Ray Burke paid €41,492 pension as ex-minister


The former minister for foreign affairs Mr Ray Burke received a ministerial pension last year of €41,492, according to new accounts published by the Government, reports Arthur Beesley, Political Reporter

Mr Burke faces a tax demand for €2 million. He has sought free legal aid after pleading not guilty to criminal proceedings brought against him for making false returns under the 1993 tax amnesty. He also issued legal proceedings earlier this month to prevent anyone being appointed to deal with his €10.5 million legal bill other than Mr Justice Feargus Flood.

Mr Burke is paid a ministerial pension in addition to the pension he receives for his years as a TD. This contributory pension, worth some €38,000 last year, was increased by 2.95 per cent last summer as part of the benchmarking process. It will rise by 5.85 per cent at the start of the new year when the next benchmarking increases are given.

While ministerial pensions are not benchmarked, they rise in line with pay rounds under the social partnership agreements.

The annual Finance accounts for 2002 show that the State's total expenditure on such pensions last year was €2.89 million. The expenditure on judges' pensions, retirement lump sums and death gratuities was €4.94 million.

The accounts show that the President, Mrs McAleese, received personal remuneration last year of €223,667 and an annual allowance of €317,434.

The State also paid €5.7 million in expenses to the leaders of the Government and Opposition last year. The political parties received €4.34 million. Candidates in the general election received €189,170. The State also paid €197,971 in severance payments to politicians demoted from the cabinet or from junior ministries during 2002.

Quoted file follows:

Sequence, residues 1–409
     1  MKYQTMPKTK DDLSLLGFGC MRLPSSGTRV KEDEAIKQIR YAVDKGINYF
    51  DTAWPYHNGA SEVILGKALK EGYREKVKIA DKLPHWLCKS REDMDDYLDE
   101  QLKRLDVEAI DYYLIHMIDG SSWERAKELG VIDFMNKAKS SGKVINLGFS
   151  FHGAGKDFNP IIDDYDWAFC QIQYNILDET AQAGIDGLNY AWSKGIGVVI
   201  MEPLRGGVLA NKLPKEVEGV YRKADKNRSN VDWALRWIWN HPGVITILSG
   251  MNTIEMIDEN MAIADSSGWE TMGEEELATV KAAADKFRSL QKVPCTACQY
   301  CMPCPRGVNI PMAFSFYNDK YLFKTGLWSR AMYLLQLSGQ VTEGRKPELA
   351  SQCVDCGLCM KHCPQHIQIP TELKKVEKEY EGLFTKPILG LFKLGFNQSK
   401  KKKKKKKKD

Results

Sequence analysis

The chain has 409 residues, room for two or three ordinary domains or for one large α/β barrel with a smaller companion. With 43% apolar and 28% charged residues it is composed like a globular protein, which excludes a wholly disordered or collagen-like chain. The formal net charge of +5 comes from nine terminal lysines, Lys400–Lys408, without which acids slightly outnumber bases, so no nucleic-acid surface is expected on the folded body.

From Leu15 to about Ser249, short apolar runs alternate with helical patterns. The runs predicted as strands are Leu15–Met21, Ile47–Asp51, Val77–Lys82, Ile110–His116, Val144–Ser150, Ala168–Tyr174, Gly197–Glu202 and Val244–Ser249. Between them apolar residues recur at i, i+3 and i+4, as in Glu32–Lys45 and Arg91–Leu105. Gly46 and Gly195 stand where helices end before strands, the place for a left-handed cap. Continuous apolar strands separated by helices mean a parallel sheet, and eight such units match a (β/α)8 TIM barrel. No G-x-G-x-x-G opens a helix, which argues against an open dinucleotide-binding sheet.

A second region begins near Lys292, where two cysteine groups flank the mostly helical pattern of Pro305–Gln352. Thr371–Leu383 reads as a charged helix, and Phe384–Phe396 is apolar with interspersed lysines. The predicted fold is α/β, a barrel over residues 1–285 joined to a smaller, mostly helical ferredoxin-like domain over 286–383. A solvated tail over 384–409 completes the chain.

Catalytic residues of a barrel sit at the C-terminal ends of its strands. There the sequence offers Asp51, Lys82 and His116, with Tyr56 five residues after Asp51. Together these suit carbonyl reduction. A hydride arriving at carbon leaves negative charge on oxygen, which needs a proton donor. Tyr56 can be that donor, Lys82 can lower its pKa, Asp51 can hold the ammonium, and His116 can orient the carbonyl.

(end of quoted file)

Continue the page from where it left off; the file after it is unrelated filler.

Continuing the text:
The list of office-holders' and ministerial pensions disclosed yesterday included €79,780 paid to the former taoiseach, Mr Charles Haughey. He also receives a TD's pension.

The family of Mr Haughey, who is suffering from prostate cancer, made a €5 million settlement with Revenue last March for "outstanding tax liabilities". Mr Haughey made a separate settlement of €1.28 million in 2000.

Pensions paid to other former taoisigh included: €78,770 paid to Mr John Bruton; €78,703 to Mr Albert Reynolds; €74,794 to Dr Garrett FitzGerald; and €59,835 to Mr Liam Cosgrave.

Former presidents Mrs Mary Robinson and Dr Paddy Hillary each received pensions last year of €111,164. Dr Hillary also received a ministerial pension of €31,542.

Mrs Rita Childers, widow of the former president Mr Erskine H. Childers, received €55,583.

Pensions to former attorneys general included €51,950 paid to businessman Mr Peter Sutherland. Barristers such as Mr Harry Whelehan received €440,830; Mr Dermot Gleeson received €36,085; Mr John Rogers received €47,319. The EU Commissioner, Mr David Byrne, received €32,314 for his time as attorney general.

Retired Fianna Fáil ministers on the pension list included: Mrs Máire Geoghegan-Quinn €51,378; Mr Gerry Collins €40,485; Mr Padraig Flynn €36,778; Mr David Andrews €33,745; Mr Ray MacSharry €29,797; Mr John O'Connell €19,729; and Mr Seán Doherty €15,509.

Former Fine Gael ministers included: Mr Peter Barry €46,873; Mr Paddy Cooney €40,485; Mr Austin Deasy €26,954; Mr Michael Noonan €32,334; and Ms Nora Owen €16,318.

Former Labour ministers included: Mr Dick Spring €50,382; Mr Ruairí Quinn €30,884; and Dr Conor Cruise O'Brien €27,224.

The sitting Fianna Fáil TD Dr Michael Woods received a €35,723 severance payment when he retired from the cabinet last year. Fianna Fáil TDs who received severance payments when they lost their junior ministries included: Mr Ned O'Keeffe €15,852; Mr Eoin Ryan 15,589; and Mr Dan Wallace €15,589. The PD TD Ms Liz O'Donnell received €16,069 when she returned to the back benches for family reasons.